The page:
drugs can be prescribed on the NHS, they must be approved by the
European Medicines Agency (EMA).
EMA bases its decisions on clinical trial data submitted by
drugs have comprised the single largest category of new drug
approvals in Europe. In 2017, more than a quarter (24/92) of EMA
approvals were for cancer drugs. Between
2014 and 2016, the EMA approved 32 new cancer drugs on the basis of
54 pivotal studies. Of these, 41 were randomised controlled trials
(RTCs) - considered the gold-standard for research because the new
drug is compared against a placebo, and participants do not know
whether they are on the medication or the placebo.
warned thattreatment effects may have been exaggerated and called for
stricter rules on how new drugs were judged, including a renewed
focus on patients' overall survival instead of measures such as
progression-free survival or disease response which "do not
consistently translate to survival gains or quality of life
argue that uncertainty and exaggeration of the evidence that supports
approval of cancer drugs “causes direct harm if patients risk
severe or fatal adverse effects without likely benefit, or forgo more
effective and safer treatments.” Inaccurate evidence also leads to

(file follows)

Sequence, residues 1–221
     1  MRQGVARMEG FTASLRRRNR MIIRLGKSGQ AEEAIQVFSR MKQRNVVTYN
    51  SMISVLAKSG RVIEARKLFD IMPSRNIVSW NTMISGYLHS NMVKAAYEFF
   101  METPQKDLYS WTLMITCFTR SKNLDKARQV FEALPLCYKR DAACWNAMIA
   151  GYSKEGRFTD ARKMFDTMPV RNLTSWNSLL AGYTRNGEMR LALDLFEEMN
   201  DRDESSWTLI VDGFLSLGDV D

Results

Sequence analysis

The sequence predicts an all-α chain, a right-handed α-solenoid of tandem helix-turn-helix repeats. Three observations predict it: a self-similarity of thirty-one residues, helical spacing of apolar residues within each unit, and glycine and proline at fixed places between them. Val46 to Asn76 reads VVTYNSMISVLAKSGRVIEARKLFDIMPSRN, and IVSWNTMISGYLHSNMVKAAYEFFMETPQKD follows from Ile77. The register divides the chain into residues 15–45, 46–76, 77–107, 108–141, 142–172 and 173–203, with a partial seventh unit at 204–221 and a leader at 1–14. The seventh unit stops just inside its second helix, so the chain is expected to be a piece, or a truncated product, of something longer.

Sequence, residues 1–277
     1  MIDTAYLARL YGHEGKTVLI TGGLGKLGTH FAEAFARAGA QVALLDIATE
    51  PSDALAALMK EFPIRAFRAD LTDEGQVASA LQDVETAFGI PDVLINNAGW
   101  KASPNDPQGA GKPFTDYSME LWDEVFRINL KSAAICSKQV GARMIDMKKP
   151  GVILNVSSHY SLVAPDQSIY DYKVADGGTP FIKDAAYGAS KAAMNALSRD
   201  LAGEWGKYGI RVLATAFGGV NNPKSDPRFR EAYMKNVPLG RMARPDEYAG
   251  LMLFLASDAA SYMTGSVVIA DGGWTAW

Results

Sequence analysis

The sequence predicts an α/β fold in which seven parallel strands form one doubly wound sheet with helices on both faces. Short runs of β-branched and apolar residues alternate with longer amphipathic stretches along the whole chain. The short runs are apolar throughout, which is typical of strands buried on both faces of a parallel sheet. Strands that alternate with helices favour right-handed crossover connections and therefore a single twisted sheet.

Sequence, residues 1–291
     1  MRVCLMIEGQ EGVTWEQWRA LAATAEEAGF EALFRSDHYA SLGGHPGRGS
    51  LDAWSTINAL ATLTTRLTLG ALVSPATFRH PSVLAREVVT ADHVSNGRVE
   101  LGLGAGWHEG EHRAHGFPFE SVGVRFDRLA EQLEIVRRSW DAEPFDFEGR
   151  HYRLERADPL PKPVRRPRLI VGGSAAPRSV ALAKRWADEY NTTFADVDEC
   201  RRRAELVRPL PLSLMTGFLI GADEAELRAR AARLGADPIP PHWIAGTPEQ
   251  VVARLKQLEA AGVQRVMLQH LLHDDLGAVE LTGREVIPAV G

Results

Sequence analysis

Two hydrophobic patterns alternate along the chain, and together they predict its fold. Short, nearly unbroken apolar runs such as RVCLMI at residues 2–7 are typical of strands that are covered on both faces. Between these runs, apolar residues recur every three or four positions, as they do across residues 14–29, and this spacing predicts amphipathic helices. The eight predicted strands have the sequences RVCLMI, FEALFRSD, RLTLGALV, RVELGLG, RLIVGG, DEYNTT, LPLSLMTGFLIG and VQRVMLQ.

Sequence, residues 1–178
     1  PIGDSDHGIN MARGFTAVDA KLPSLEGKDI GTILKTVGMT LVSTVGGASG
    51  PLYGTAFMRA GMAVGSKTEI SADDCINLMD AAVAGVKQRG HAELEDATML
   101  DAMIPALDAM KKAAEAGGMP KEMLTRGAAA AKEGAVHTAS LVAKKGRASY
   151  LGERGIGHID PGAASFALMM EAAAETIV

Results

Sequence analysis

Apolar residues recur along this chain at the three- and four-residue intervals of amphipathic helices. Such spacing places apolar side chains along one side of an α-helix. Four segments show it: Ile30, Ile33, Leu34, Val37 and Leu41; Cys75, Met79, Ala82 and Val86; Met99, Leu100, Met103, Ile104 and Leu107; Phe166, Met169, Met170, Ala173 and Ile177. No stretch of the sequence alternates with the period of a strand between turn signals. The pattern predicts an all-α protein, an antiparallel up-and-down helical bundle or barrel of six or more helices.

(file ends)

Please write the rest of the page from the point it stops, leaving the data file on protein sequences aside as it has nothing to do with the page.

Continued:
intangible harms, which encourage false hope and create a distraction
from needed palliative care, they add.
researchers found that 19 of the 41 RCTs (49%) were at high risk of
bias "based on their design, conduct or analysis". Problems
included such things as participants not being properly randomised,
or a lack of "blinding" - a technique which means neither
the participants nor the researchers themselves know who is on the
drug or the placebo. Double-blind trials were less prone to bias, but
more expensive to organise.
trials have increasingly looked to alternative ways of measuring a
drug's effectiveness in cancer patients, such as progression-free
survival - the length of time without relapse.
types of studies are cheaper and easier to organise because they can
use smaller sample sizes and results are generally reported earlier -
clinical trials are on average 11 months shorter than those using
overall survival as the outcome.
the BMJ study found that bias was more common where these alternative
measures were used, and lowest in those which assessed drugs on
Scotland spent £1.7 billion on drugs in 2016/17, an increase of
nearly 20 per cent in five years.
drugs are driving most of the increase in pharmaceutical spending
across the NHS, but the researchers noted that there is "no
association between magnitude of benefit and drug price".
the case of leukaemia drug, pegaspargase (Oncaspar), all five studies
examined were considered high risk, while breast cancer drug
palbociclib (Ibrance) was approved on the basis of two studies whose
results are considered potentially unreliable. The studies behind
skin cancer drug trametnib (Mekinst) and immunotherapy treatment
nivolumab (Opdivo) were also criticised by the researchers.